How To Summerize Your Car
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Summertime calls most of us out on the roads. You might be planning a summer vacation, traveling on the weekend to a summer cabin, or just spending your evenings out enjoying the hot summer nights.
Before you find yourself out and about enjoying the season, think about your vehicle and some seasonal maintenance. There are a number of things you can do to prepare your car for a safe and steadfast summer of driving.
Beat the Heat
You car's cooling system is critical to your summer driving, with the primary job of keeping your engine cool (your engine can reach well over 200 degrees F). Your cooling system strives for a constant 200 degrees F to protect your engine against corrosion, provide more efficient fuel combustion, and maintain proper oil viscosity.
However, in hot weather, your coolant could reach 250 degrees F and your car could overheat. This is why your cooling system needs extra attention in the summer. But before you get under the hood, make sure your engine is cool―never remove a radiator cap when the engine is hot, or even warm.
To prepare your cooling system for summer, you'll want to check the radiator and hoses for leaks or cracks. Be sure all the connections are snug. The reservoir level should be half full and if it is low, add coolant or antifreeze.
Despite all your efforts to inspect the cooling system and keep your coolant levels up, your engine could still overheat. Keep an eye on the temperature gauge on your dashboard. If you see the engine getting too hot, you can take immediate action by turning on the heat―this pulls hot air off the engine block. Allow your engine time to cool down, because overheating can cause permanent damage to the engine.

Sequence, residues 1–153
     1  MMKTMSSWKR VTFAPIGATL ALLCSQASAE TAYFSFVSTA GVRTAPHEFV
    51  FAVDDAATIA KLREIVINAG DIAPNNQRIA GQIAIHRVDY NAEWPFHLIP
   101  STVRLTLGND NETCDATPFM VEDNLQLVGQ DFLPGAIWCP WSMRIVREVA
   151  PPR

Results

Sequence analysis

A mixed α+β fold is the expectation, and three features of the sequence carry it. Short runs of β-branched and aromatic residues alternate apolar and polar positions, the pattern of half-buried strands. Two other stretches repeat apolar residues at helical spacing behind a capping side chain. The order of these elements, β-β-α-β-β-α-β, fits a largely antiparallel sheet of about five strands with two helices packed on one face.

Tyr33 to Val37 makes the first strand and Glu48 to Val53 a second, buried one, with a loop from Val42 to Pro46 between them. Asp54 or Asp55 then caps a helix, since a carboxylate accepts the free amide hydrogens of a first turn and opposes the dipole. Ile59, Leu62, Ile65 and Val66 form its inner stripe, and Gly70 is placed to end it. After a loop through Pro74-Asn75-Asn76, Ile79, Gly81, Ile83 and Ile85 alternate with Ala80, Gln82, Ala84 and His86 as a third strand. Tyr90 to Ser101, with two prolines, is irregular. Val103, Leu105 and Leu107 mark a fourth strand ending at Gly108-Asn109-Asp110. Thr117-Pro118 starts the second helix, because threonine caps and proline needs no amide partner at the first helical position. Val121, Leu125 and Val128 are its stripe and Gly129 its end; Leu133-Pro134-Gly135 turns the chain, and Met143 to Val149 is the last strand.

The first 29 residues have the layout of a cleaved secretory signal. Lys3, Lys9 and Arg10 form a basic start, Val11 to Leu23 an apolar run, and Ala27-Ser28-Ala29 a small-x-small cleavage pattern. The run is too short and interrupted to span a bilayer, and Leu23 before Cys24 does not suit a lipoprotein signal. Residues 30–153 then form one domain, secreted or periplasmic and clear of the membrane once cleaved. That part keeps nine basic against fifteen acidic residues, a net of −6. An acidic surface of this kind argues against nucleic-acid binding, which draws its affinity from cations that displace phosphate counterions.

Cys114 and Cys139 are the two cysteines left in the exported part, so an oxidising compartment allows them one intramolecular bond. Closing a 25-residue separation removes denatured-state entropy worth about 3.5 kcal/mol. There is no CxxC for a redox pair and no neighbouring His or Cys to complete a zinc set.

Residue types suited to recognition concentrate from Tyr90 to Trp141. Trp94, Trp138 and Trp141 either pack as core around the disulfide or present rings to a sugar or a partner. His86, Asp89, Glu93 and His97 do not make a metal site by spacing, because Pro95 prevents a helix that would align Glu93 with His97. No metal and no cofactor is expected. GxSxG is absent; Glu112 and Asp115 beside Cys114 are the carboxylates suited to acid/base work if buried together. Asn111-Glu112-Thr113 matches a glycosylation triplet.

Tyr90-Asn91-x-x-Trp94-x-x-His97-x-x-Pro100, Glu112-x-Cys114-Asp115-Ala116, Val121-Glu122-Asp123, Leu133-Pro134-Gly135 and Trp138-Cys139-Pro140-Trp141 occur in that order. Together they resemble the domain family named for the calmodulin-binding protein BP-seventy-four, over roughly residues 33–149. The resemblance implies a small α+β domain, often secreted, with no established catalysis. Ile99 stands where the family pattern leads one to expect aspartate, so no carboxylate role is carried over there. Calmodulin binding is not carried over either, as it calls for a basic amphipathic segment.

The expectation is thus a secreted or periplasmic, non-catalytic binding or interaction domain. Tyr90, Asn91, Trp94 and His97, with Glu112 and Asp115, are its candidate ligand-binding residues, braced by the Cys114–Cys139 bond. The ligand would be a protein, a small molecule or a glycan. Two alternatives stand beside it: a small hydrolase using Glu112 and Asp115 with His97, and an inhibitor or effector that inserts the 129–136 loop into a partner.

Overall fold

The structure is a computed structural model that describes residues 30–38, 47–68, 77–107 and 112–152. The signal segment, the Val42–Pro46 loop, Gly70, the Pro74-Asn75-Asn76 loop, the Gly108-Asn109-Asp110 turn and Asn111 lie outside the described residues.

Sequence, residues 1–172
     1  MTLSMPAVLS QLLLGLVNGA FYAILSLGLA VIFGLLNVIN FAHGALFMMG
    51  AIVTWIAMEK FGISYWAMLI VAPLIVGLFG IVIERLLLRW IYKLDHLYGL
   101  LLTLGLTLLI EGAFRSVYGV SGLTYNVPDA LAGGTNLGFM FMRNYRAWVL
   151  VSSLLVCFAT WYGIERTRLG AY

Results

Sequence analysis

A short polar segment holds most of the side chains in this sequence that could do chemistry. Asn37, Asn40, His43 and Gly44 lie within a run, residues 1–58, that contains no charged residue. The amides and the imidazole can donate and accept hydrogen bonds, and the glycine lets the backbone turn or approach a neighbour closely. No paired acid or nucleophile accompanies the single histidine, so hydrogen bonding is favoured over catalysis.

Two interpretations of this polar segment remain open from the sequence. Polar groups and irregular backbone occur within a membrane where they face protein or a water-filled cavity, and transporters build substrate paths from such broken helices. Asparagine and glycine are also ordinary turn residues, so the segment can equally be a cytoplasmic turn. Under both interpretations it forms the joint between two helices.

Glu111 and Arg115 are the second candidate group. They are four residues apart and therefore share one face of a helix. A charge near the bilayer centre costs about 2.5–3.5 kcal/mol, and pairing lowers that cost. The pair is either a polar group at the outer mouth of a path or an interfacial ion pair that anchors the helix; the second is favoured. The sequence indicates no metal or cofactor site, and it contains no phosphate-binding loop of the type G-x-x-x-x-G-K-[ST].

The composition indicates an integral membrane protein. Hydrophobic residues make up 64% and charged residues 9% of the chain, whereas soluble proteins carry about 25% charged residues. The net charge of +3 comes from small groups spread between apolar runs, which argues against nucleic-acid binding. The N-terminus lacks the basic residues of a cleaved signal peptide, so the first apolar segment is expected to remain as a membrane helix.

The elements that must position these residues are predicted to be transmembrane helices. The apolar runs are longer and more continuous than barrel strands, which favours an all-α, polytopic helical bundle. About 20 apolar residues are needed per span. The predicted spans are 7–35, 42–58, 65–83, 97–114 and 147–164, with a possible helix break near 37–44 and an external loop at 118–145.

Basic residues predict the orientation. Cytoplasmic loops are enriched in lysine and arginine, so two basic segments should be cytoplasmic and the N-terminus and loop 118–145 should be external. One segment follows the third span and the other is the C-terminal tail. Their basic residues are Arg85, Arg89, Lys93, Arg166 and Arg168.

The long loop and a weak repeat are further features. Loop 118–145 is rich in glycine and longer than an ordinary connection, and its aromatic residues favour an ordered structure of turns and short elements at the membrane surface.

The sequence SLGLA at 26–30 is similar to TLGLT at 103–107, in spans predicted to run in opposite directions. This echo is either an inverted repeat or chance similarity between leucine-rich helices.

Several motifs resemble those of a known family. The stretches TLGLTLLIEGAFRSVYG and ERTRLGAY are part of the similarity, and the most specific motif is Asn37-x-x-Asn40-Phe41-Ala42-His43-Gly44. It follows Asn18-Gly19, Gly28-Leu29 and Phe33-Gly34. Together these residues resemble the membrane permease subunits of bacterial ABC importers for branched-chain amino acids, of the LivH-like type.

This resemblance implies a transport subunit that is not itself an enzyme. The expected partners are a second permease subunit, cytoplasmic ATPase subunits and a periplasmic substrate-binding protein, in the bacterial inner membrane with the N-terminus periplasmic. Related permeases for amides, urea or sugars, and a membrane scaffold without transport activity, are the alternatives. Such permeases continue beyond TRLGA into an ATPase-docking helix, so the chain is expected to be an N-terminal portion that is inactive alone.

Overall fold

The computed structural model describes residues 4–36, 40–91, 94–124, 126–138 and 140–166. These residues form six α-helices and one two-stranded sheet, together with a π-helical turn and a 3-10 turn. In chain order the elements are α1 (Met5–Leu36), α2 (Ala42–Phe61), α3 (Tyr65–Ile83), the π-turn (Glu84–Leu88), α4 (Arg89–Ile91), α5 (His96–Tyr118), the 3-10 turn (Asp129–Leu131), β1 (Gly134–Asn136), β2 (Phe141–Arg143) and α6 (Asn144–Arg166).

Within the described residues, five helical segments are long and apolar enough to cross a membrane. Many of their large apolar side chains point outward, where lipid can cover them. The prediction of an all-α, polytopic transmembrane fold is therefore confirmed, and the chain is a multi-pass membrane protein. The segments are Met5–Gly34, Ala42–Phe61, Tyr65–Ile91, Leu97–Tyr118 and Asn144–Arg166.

Before your air conditioning quits cooling, you can inspect the system for worn or damaged belts. The belt on your air conditioner drives the compressor; without that, you won't get any air conditioning inside your car.
The air conditioner has a condenser that looks similar to a radiator. You can inspect the fins to be sure they are clear of debris. When air moves freely around the condenser, the refrigerant is able to do its cooling job better.
You will get more speed, better handling, and better fuel efficiency if you mount summer tires on your car. In contrast to winter tires, summer tires have a shorter sidewall and a less-aggressive tread.
To change over to summer tires, you need to have a spare set of rims or bring the tires into a shop to be changed. All-season tires are a good alternative if you don't want to bother with specialized summer and winter tires.
If your summer weather pattern includes thunderstorms and rain, you will want to inspect your brakes because wet brakes can be less responsive. What you see when you look behind the tire and wheel depends on whether your car has disc or drum brakes. You might need some brake education; good resources are the owner's manual or your mechanic. Talk to the mechanic about how much braking you have left.
Also ask about the state of your brake pads. Hot weather can increase the temperature of your brake system, causing your pads to wear more quickly. You'll want to keep tabs on how worn yours are.
Towing a boat, camper, or trailer is common in the summertime. Before you hook on and drive off for a vacation destination, though, make sure you have inspected your car and trailer.
There are legal and commonsense rules to follow when it comes to towing weight. Your vehicle is listed for a certain gross vehicle weight (GVW), which is the maximum weight for your car, trailer, and load.
Common sense will guide you on load distribution. You need to balance the weight between your axles and the tongue (hitch). Typically, only 9-11% of the weight is on the tongue. The load must balance on the trailer too―usually 60% in the front and 40% in the rear.
Whenever you are towing, it is a good idea to develop a pretrip inspection habit. Look over the brakes on your car and trailer. Are all the lights working properly? Carefully go over the hitch to be sure it is secure and has safety chains attached. After driving for a few hundred feet, you can pull over and check for any load shifting.
Summer is a fun and liberating season. By inspecting your vehicle's cooling system, tires, brakes, and air conditioning, you can expect a more pleasant, safe, and reliable warm weather driving experience.
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